EU says 'strongly' opposes illegal Israeli settlements

Sweden's foreign minister Carl Bildt said European governments were increasingly frustrated by the settlement policy.

EU says 'strongly' opposes illegal Israeli settlements

World Bulletin / News Desk

The European Union sharply criticised Israel on Monday over its plans to build illegal settlements in a highly sensitive part of the occupied West Bank.

World court ruled that Israeli settlements on the occupied land are illegal.

"The EU is deeply dismayed by and strongly opposes Israeli plans to expand settlements," foreign ministers of the 27 EU states said in a statement after meeting in Brussels.

"The EU will closely monitor the situation and its broader implications, and act accordingly."

Sweden's foreign minister Carl Bildt said European governments were increasingly frustrated by the settlement policy.

"What the Israelis did ... has really shifted things inside the European Union to the extent that I don't think they really appreciate," Bildt said before the meeting.

France had wanted to include a warning in Monday's statement that construction in the sensitive parts of the West Bank would damage the relationship between Israel and the EU. The statement did not contain such a comment.

On Saturday, Khaled Meshaal, leader of the Islamist Hamas which rules Gaza, told a mass rally there he would never recognise Israel and pledged to free the land of Palestine inch by inch.

The EU finds inflammatory statements by Hamas leaders that deny "Israel's right to exist" unacceptable, the ministers said.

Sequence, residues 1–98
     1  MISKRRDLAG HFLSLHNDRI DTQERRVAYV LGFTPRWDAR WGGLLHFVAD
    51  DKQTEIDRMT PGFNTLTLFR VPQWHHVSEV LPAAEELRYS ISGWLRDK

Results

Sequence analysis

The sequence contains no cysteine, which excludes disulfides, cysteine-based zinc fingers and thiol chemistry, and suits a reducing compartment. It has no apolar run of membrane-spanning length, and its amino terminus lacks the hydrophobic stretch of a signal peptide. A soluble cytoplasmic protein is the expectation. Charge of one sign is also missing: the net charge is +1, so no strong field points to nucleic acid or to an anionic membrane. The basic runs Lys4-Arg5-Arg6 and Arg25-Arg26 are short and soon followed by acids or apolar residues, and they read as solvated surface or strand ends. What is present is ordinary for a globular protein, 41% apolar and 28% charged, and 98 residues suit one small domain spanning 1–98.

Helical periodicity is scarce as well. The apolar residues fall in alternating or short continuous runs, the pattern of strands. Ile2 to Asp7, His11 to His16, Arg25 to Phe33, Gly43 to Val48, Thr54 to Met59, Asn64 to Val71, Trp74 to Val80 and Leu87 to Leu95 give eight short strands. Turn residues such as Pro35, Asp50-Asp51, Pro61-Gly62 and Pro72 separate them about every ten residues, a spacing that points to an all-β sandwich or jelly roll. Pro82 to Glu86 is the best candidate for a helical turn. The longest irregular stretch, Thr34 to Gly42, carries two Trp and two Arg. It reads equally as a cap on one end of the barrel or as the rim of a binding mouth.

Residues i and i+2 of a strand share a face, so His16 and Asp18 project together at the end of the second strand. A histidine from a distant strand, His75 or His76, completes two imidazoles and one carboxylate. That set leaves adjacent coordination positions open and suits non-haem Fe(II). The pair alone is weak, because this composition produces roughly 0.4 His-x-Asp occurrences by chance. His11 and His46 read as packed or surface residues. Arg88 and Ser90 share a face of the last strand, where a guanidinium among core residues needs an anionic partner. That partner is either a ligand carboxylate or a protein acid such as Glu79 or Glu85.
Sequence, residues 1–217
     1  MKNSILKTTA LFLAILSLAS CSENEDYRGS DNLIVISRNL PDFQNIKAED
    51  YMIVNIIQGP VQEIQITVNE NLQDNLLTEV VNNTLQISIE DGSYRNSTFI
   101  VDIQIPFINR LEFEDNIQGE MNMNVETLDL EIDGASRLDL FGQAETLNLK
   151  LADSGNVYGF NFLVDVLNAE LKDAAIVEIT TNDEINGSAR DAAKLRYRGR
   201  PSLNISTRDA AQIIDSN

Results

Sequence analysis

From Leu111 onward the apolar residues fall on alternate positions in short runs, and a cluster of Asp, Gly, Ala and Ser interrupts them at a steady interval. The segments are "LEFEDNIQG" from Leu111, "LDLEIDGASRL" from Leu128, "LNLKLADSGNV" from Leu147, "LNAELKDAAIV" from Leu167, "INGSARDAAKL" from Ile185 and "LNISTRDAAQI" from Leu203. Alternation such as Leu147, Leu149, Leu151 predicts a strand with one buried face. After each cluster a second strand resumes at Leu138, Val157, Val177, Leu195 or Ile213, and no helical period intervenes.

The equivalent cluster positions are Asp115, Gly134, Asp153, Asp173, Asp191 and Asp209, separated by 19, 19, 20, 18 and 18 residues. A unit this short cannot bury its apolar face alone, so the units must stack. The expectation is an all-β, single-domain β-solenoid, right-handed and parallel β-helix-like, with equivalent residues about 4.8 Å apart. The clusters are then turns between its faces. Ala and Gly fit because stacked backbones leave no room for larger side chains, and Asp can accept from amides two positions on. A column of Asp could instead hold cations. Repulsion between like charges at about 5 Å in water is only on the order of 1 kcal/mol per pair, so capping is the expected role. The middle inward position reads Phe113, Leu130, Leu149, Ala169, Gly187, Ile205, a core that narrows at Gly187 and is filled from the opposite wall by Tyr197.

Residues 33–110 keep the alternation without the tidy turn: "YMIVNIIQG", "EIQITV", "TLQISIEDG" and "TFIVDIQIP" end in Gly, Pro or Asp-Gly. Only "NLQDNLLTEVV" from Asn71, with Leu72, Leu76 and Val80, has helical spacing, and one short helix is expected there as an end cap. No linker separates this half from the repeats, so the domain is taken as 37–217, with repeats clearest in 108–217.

U.N. General Assembly upgraded the Palestinians' status in the world body from "observer entity" to "non-member state".

The upgrade, approved overwhelmingly, fell short of full U.N. membership, which only the Security Council can grant.

After winning the U.N. status upgrade, the Palestinians can now access the International Criminal Court in The Hague, which prosecutes people for genocide, war crimes and other major human rights violations and where it could complain about Israel.

The decision to build in a key area east of Jerusalem, called E1, sparked a storm of diplomatic protest from Washington and Brussels as well as from U.N. chief Ban Ki-moon.

E1 is a highly contentious area of the West Bank that runs between the easternmost edge of occupied east Jerusalem and the Maaleh Adumim settlement.

Palestinians bitterly oppose the E1 project, as it would effectively cut the occupied West Bank in two, north to south, and sever it from Jerusalem, and make the creation of a viable Palestinian state even more impossible.


Last Mod: 11 Aralık 2012, 12:47
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